In memory of my greatest inspiration and icon.
Highland Park, Illinois: to the outsider, it’s a spec on a map, suburbia, a wealthy community of people striving to get their kids into the best colleges; to the John Hughes fanatic, it’s a land of nostalgia, a place of intrigue, and the home of Ferris Bueller.
In the 1980’s, mastermind director, John Hughes, had a vision to create films that stemmed from his experiences with growing up in the suburbs of Chicago: ivy covered homes dripping with money, infested by yuppies. Hughes’ goal was to paint the picture of what life was really like there, life beyond the glossy American image. He wanted to capture the invisible lines in the school cafeteria that divided the masses of pom-poms and football jerseys from the calculators and pocket protectors. For Hughes, the stories he envisioned were born from the sprouting social hierarchy in any locker filled hallway.
My brother, Michael Hoffman, a director in L.A., attended Highland Park High School in the mid-‘80s: “The main pressure by peers was to be popular. Main pressure from parents was to get good grades. Having your “group,” was vital, even if you were a part of the geek-clique, you were still a part of a clique. You just didn’t want to get caught alone in the jock-hallway too often, if one of the jocks was in a bad mood.” Hughes’ films addressed all sides – you empathized in the jocks, you felt for the nerds standing against the wall at the school dance. You could see it in their eyes – no one felt like they deserved what they had, but it was easier to let the stereotypes do the talking.
Underneath the upbeat new wave music faintly playing in the background, were real conversations. People were communicating something bigger than Aqua Net hair. After the football games had been won and a prom queen had been crowned, real issues had to be dealt with when the sun came up again. I asked my brother, Michael, about the real problems. “You were striving to be the best from the start. Best actor, best in your class, best athlete, quickest to finish your biology experiment so you could get extra credit…” This sentiment reminded me of one Hughes’ film in particular.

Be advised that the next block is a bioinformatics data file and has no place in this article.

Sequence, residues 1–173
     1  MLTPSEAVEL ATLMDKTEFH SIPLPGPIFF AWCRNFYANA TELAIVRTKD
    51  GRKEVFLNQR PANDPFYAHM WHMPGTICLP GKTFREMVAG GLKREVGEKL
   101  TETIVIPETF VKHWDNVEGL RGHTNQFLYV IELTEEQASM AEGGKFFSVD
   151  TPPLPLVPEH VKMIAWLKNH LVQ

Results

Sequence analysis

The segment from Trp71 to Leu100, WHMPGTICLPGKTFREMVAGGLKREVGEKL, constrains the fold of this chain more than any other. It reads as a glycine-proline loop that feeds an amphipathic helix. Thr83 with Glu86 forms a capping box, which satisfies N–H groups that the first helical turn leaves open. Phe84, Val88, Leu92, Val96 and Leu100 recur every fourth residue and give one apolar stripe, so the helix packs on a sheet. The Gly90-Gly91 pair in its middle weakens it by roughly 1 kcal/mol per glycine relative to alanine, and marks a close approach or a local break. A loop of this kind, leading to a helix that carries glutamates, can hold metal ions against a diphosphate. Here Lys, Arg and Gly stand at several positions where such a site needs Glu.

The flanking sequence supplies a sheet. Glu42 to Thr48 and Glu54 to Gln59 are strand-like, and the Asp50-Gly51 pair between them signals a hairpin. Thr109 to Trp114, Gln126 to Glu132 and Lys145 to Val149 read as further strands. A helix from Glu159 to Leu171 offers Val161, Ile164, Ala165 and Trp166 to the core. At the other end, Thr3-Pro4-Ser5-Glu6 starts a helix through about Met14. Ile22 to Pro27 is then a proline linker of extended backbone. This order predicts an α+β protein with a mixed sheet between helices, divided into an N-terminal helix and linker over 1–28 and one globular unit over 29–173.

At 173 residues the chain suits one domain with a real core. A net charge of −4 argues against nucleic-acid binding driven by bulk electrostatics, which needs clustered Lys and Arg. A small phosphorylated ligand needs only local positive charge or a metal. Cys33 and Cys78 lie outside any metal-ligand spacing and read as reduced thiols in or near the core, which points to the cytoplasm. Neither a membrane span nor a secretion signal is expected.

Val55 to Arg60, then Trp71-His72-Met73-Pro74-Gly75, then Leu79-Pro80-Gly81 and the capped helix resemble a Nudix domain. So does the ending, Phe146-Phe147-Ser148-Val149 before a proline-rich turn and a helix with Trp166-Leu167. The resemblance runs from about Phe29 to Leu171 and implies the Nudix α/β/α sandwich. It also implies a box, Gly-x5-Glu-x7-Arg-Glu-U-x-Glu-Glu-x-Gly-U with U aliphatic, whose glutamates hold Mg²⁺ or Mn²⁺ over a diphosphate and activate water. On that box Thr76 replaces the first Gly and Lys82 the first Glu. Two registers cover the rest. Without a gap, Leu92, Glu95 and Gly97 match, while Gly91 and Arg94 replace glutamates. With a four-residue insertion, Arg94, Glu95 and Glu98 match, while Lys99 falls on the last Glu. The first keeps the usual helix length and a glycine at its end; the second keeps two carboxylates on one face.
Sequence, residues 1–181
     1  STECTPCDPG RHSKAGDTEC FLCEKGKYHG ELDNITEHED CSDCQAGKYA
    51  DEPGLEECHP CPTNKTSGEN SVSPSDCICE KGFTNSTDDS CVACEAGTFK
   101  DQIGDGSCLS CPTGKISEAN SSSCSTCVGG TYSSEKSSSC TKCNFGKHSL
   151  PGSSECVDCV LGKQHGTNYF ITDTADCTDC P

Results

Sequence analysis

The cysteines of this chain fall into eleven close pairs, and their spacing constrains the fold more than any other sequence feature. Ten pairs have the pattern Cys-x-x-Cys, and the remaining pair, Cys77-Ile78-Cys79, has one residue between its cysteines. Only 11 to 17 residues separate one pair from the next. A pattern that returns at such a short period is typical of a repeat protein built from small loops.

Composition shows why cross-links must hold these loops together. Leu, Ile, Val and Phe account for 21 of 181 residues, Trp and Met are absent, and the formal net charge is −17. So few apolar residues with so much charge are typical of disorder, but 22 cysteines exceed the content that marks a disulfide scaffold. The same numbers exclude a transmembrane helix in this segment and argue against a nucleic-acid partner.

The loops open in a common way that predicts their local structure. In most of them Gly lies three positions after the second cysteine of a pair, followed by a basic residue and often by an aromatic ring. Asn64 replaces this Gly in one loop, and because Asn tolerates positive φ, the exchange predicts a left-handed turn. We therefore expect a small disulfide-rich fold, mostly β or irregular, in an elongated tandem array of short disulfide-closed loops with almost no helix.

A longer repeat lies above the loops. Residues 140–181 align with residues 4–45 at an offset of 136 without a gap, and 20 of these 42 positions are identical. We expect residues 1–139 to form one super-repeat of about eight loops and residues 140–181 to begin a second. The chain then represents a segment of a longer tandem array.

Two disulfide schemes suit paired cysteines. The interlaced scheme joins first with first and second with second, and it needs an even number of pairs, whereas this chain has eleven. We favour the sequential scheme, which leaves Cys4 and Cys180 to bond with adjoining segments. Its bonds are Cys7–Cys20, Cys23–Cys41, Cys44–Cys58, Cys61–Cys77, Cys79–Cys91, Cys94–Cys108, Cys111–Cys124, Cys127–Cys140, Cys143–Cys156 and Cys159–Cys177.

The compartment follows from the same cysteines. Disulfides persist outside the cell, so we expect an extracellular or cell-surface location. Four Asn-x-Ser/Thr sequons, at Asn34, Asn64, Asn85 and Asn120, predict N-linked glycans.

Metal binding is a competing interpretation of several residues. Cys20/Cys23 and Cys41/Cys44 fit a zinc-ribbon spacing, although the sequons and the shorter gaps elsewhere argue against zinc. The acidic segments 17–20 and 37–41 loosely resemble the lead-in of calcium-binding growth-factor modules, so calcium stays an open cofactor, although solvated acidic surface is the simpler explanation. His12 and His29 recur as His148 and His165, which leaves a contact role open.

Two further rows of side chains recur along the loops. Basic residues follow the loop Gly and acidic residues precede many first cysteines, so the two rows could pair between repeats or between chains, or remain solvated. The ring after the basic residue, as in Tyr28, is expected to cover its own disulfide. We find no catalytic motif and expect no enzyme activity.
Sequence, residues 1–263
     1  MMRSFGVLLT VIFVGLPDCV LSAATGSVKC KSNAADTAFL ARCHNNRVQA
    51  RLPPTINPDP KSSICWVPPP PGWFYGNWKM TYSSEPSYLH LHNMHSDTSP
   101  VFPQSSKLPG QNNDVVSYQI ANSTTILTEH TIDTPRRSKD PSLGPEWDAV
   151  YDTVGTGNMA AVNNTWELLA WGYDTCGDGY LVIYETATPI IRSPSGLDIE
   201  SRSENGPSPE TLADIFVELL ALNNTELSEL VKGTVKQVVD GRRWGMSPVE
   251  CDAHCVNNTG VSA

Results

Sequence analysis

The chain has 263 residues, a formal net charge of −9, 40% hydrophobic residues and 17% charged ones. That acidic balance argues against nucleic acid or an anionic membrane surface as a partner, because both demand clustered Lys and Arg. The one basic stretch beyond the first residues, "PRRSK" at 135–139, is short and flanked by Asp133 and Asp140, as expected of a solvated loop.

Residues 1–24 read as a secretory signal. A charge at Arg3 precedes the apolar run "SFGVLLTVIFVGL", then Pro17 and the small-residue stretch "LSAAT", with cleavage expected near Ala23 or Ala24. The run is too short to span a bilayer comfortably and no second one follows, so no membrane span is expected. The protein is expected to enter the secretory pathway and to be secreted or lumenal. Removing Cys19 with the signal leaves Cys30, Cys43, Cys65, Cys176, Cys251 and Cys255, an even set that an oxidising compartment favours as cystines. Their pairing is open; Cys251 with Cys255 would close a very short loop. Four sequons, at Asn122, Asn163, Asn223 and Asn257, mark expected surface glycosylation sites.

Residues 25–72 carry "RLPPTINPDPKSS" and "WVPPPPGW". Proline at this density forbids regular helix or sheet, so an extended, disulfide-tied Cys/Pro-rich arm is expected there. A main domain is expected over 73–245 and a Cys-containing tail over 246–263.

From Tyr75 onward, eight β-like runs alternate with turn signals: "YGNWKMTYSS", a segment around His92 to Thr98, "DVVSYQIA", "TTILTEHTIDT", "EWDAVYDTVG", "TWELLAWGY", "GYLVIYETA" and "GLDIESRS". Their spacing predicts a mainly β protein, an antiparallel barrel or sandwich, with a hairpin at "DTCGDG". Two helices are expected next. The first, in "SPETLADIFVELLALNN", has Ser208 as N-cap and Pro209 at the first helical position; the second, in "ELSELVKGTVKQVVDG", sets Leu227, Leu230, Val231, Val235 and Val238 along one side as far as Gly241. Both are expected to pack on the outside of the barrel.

Hughes’ movies were detailed visions of post-adolescent life: school dances, crushes, rebellion, wild parties, and petty fights. In one of his films, he put all of these pieces together in one room, for Saturday detention. “Saturday, March 24, 1984. Shermer High School, Shermer, Illinois, 60062.” The Breakfast Club stirred up significant ideas in young America when it was released. The characters opened up to each other about suicide, peer pressure, abusive parents, cliques in school, and the yearning to just be understood. There is something to be said about this film, different from the others. Perhaps it is the fact that each character was on their own in this library, with no sidekicks of their kind to aid them, a single representation of their kind, suddenly face to face with their skeletons for the first time.
Aside from The Breakfast Club, Hughes made other cult classics such as my favorite movie of all time — Sixteen Candles, Ferris Bueller’s Day Off, Some Kind of Wonderful, and Pretty in Pink. In each way, all of his movies were centered around those private moments with characters: Samantha Baker (Molly Ringwald) in Sixteen Candles crying in the hallway against the brick wall with her pastel pink purse tumbling to the floor at her side, surveying her changing body in the mirror of her bedroom, thinking about Jake Ryan while she lay awake at night.
Several generations later, teens still watch these movies, some oblivious to the fact that they are picking up on something fundamental. Highland Park is still the same picturesque place it once was, but as we know, looks can be deceiving. Years later, everyone still yearns for acceptance, struggles with peer pressure and faces problems at home. The more things change, the more they stay the same. And that is why Hughes’ movies are considered classics. In the end, Hughes’ desire to uncover the emotional problems under the seemingly perfect bubble of the teenage life was a success. Roger Ebert once said, in reference to John Hughes, “[He’s the] philosopher of adolescence.” If high school culture had a religion, it’d be Hughesology.
I’ll think of you every time I watch Jake Ryan’s Porsche 944 drive into the sunset.